When the Run bit is cleared at the end of a trace, the amount of data in the FIFO generally will not be an exact multiple of 4 octets. The trace logic first writes out trace FIFO data in 4-octet blocks to memory if there are 4 octets or more in the FIFO (block 152). Then, if there is still some data in the trace FIFO, the trace logic flushes the contents of the trace FIFO to memory regardless of the amount of data remaining in the trace FIFO. If less than four octets of data are in the trace FIFO, the trace logic will generate single or double octet writes in order to empty the trace FIFO (blocks 156, 158).
The BAU can generate trace data from the two buses faster than it can write octets of data to memory. To solve this problem, the BAU is the highest priority GBus device on the chip except for the Bus Idle Default Device (BIDD), which drives the global bus when it is idle. When the SGBI LB2GB FIFO contains trace data, it will request permission to write to the GBus (block 160) and will write the data to the GBus when it receives permission (blocks 162, 164, 166). The BAU does not trace data on the GBus when it is writing to the GBus, thereby providing an automatic control of GBus tracing (block 166). However, tracing from the I/O bus cannot be stopped. The I/O bus can generate octets of trace data at about half the bandwidth of the GBus. As noted above, priority is given to transferring I/O trace data from the trace FIFO to the SGBI LB2GB FIFO, largely because trace data for the I/O bus can be generated more rapidly than for the GBus. Therefore, the Gbus trace FIFO must be deep enough to buffer the trace data that accumulates until permission to write to the GBus is granted to the BAU. When the SGBI LB2GB FIFO has finished writing to the GBus, it determines whether one of the trace FIFOs has another four octets of data available (block 142).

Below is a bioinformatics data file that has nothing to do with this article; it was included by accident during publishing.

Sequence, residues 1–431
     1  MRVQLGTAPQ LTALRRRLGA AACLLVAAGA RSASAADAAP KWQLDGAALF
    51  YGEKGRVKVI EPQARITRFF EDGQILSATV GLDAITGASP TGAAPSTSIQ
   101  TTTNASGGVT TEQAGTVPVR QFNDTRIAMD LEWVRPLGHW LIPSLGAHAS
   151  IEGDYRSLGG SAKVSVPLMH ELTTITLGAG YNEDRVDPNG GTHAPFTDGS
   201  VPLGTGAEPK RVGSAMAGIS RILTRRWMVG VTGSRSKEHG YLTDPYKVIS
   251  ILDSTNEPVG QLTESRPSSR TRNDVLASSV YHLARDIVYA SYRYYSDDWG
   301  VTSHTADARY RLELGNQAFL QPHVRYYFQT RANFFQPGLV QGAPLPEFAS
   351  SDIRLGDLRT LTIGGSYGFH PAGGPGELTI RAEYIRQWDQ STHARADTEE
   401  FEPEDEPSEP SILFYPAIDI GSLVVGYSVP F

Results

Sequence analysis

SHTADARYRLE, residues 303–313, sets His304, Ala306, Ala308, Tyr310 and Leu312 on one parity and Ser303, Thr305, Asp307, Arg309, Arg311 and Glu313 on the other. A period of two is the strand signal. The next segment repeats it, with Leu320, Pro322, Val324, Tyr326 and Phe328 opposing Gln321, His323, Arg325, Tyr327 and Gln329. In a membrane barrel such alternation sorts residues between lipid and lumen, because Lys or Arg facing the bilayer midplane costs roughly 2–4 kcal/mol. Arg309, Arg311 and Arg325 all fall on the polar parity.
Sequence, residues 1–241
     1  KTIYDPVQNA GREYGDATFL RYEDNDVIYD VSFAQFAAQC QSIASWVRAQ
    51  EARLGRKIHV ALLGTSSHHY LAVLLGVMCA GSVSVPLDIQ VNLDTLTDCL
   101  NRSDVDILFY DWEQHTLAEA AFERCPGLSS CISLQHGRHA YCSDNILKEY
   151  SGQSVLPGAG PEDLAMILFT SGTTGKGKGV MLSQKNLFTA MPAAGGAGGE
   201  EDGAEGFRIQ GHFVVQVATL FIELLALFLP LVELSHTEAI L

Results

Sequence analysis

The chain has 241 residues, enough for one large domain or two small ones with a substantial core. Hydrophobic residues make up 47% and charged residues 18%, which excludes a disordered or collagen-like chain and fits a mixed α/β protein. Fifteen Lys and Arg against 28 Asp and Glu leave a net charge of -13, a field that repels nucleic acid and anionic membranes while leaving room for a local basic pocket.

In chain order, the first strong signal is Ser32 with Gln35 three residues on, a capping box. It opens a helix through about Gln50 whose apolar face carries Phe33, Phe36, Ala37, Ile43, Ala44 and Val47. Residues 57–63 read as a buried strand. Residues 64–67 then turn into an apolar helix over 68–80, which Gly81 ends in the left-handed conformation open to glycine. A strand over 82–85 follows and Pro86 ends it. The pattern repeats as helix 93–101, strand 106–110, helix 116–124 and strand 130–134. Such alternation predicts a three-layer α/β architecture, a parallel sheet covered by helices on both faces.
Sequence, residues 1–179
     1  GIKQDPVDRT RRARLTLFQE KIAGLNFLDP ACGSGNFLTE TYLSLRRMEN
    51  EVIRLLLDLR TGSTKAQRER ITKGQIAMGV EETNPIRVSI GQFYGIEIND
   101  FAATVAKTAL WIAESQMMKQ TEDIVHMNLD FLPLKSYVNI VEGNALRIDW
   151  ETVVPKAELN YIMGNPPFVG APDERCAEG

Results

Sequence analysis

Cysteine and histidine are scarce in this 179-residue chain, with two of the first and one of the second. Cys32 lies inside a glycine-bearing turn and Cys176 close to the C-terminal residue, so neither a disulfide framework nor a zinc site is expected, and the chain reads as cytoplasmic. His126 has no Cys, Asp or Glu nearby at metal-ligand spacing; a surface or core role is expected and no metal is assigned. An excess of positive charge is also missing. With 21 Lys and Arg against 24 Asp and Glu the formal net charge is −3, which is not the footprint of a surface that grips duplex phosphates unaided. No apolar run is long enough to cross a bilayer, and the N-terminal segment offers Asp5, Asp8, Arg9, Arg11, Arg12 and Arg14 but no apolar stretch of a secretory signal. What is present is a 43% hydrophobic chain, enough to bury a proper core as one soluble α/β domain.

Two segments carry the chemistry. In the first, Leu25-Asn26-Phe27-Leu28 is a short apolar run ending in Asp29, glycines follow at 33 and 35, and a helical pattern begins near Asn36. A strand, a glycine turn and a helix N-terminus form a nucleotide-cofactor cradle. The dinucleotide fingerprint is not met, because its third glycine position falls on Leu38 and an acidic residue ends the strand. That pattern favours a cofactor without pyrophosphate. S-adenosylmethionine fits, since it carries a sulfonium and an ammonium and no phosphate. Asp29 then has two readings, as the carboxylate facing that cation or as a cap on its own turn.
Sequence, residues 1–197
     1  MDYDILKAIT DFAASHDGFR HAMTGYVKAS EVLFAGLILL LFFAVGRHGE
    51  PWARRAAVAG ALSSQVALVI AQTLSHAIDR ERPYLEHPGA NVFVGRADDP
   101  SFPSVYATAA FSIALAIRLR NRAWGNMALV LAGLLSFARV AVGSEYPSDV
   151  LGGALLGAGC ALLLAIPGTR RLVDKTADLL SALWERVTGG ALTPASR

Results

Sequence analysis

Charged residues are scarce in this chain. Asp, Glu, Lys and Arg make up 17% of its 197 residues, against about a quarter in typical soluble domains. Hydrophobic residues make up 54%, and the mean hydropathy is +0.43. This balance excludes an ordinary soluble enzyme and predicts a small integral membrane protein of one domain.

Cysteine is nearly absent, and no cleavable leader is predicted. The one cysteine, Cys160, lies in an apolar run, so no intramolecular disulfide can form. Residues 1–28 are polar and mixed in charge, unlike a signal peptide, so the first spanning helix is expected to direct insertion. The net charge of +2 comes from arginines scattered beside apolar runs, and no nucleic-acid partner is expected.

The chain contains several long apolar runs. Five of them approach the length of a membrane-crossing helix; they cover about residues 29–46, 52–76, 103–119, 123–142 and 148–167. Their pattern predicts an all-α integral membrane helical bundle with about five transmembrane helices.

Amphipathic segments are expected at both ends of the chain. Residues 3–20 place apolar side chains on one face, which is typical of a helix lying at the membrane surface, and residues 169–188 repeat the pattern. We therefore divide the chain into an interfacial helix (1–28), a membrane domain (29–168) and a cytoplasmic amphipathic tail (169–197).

While the BAU is an independent unit, it is linked with the PIO Quad (see
With reference to
With reference to
With reference to
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|U.S. Classification||714/43, 714/45|
|May 3, 2002||AS||Assignment|
Owner name: CRADLE TECHNOLOGIES, CALIFORNIA
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Effective date: 20020417
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|Nov 10, 2011||AS||Assignment|
Owner name: CRADLE IP, LLC, CALIFORNIA
Free format text: ASSIGNMENT OF ASSIGNORS INTEREST;ASSIGNOR:CRADLE TECHNOLOGIES;REEL/FRAME:027210/0764
Effective date: 20111110